So we move on to about 80 years after the alleged events. Pliny referred to Christians who worshipped a "Christ" as a god, but there is no reference to a historical Jesus or Gospel events. So Pliny is not evidence for a historical Jesus just evidence for 2nd century Christians who worshipped someone they referred to as 'Christ'. As I said, the fact that Christians existed is not disputed but evidence for Christians in not evidence for any 'Christ'.

Pliny is dismissed.

SUETONIUS
Roughly 80-90 years after the alleged Gospel events, Suetonius refers to a "Chrestus" who stirred the Jews to trouble in Rome during Claudius' time, but this "Chrestus" is a Greek name (from "useful"), and is also a mystic name for an initiate, it is not the same as "Christos". This "Chrestus" character was apparently active in Rome, your Jesus never was. So, this passage is not evidence for Jesus, it's nothing to do with Jesus, it's evidence for Christians grasping at straws.

IGNATIUS
The letters of Ignatius are traditionally dated to c.107CE, yet:
Iit is not clear if he really existed, his story is suspicious, his letters are notoriously corrupt and in 2 versions. It is probable that at worst, his letters were later forgeries. At best, 2nd century evidence to a few beliefs about Jesus gathered from Christians of his time.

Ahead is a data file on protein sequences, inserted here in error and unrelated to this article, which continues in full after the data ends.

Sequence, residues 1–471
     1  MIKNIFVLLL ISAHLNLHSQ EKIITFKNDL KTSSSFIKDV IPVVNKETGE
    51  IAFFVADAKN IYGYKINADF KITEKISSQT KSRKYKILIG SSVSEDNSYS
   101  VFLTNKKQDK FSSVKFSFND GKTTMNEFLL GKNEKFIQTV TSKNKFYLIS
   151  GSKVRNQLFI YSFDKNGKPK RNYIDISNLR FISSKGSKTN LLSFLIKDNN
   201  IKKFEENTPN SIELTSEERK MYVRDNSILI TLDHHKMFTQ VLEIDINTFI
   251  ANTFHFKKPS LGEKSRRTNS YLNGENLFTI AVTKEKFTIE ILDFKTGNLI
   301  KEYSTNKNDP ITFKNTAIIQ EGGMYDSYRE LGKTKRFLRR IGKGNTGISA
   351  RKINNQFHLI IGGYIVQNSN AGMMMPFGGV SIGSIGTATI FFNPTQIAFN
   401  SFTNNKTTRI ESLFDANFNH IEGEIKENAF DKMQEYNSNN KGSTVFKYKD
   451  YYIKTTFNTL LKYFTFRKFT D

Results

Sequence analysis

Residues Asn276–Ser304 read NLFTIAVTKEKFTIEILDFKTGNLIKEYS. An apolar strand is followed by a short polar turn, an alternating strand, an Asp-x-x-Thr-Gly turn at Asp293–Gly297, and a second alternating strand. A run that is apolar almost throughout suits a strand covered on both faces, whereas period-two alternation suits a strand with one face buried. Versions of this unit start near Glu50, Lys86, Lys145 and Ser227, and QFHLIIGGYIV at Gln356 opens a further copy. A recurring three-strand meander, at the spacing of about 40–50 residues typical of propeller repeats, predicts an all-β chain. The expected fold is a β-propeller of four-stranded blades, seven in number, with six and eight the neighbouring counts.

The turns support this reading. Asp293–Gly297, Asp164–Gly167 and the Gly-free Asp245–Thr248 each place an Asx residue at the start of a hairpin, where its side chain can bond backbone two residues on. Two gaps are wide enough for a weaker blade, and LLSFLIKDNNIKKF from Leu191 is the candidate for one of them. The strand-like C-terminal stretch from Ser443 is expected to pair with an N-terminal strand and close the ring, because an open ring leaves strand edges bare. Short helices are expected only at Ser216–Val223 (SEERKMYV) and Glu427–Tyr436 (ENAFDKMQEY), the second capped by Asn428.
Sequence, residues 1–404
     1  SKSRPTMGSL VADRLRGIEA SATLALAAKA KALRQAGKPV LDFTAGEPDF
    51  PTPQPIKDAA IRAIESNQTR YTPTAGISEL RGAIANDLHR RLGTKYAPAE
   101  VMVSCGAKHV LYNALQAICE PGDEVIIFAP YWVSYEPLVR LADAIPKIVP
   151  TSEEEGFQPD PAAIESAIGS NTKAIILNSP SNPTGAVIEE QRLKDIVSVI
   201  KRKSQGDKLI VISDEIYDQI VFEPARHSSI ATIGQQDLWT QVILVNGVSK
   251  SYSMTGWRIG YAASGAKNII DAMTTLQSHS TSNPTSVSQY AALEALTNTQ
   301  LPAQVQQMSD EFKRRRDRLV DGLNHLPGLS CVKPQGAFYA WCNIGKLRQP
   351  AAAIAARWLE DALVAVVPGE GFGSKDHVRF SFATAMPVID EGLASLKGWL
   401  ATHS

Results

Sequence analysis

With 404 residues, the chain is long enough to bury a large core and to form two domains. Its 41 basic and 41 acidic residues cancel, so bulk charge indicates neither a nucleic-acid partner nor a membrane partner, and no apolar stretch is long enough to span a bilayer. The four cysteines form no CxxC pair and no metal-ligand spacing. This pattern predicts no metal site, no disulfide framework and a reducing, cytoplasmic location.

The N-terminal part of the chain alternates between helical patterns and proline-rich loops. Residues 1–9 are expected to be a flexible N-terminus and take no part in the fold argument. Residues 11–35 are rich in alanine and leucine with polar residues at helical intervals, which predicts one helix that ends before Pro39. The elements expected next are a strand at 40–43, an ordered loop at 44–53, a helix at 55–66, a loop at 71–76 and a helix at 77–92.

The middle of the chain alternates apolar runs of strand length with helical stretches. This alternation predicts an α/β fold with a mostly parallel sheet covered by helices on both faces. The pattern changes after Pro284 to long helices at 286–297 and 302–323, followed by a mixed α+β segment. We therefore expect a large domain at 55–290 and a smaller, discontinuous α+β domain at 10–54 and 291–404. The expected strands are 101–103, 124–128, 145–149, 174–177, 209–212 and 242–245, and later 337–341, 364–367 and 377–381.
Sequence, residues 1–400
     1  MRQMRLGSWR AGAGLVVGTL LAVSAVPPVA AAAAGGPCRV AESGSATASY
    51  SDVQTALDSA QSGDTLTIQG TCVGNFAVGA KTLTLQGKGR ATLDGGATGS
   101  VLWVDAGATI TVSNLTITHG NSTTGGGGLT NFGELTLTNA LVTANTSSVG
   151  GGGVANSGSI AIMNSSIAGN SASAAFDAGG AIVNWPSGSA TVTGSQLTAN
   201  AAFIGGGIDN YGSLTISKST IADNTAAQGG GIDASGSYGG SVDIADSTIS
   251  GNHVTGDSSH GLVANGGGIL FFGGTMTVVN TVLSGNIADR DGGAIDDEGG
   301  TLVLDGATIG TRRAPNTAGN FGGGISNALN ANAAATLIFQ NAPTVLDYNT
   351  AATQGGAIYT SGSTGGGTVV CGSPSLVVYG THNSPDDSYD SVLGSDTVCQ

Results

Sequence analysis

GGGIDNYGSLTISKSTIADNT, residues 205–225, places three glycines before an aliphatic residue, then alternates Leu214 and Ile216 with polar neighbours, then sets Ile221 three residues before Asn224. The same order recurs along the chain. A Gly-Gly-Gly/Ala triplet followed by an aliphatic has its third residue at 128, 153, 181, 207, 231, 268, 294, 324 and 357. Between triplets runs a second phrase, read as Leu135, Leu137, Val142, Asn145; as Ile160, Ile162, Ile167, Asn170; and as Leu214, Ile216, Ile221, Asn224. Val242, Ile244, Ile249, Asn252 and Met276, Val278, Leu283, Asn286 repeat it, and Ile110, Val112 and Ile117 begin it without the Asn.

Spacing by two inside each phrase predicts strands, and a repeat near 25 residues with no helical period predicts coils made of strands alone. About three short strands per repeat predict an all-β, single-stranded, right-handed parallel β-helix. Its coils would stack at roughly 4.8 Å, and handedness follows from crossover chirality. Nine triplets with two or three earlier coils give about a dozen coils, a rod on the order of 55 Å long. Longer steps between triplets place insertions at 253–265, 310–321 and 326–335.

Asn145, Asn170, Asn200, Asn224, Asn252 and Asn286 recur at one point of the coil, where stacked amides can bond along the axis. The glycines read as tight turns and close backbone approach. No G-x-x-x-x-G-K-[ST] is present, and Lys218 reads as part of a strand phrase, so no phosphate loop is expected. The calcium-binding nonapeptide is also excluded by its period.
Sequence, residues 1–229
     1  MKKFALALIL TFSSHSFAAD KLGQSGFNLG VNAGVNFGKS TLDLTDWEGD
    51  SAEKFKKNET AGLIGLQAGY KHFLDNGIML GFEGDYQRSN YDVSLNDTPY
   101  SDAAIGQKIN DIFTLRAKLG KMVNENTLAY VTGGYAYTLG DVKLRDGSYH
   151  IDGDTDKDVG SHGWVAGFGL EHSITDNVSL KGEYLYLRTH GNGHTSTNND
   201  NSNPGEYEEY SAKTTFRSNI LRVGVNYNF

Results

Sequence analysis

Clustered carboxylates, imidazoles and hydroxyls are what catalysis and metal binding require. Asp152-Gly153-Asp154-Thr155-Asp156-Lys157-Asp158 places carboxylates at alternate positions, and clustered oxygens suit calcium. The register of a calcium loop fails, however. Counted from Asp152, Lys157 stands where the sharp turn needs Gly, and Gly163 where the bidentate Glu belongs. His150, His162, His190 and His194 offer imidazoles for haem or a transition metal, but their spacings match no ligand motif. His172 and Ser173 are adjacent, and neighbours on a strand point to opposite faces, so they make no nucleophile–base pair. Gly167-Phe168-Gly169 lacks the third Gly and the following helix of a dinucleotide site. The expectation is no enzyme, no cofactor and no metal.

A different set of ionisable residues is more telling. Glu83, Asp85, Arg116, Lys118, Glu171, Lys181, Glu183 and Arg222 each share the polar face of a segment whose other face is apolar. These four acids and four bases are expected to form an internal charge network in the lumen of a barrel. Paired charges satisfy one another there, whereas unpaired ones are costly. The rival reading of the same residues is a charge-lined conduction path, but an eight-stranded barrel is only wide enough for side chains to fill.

THALLUS
We have NO certain evidence when Thallus lived or wrote, there are NONE of Thallus' works extant.

PHLEGON
Phlegon wrote during the 140s - his works are lost. Later, Origen, Eusebius, and Julianus Africanus refer to him, but quote differently his reference to an eclipse. There is no evidence Phlegon actually said anything about Gospel events, he was merely talking about an eclipse (they DO happen) which LATER Christians argued was the "darkness" in their stories.

VALENTINUS